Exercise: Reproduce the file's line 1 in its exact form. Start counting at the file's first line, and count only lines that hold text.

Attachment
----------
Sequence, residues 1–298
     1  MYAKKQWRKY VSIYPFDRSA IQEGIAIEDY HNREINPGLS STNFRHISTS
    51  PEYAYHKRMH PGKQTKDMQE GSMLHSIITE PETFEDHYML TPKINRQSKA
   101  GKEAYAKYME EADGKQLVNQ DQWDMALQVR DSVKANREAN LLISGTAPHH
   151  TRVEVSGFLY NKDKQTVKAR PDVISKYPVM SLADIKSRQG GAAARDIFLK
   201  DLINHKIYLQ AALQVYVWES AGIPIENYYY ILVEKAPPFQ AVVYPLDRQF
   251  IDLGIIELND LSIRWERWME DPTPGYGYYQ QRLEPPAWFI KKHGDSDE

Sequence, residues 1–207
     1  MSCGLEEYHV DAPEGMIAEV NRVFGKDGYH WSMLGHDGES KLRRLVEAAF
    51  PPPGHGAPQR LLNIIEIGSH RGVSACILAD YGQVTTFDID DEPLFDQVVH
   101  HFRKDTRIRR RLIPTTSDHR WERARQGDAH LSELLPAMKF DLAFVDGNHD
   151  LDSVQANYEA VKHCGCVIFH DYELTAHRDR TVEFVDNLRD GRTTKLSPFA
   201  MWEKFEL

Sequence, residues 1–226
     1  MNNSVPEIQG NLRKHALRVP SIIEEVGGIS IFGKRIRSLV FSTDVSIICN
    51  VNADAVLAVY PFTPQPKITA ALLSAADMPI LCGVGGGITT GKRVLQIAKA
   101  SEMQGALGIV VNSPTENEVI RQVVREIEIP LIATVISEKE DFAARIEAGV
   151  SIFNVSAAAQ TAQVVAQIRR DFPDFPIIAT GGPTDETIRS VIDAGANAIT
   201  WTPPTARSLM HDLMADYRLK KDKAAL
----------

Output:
Sequence, residues 1–298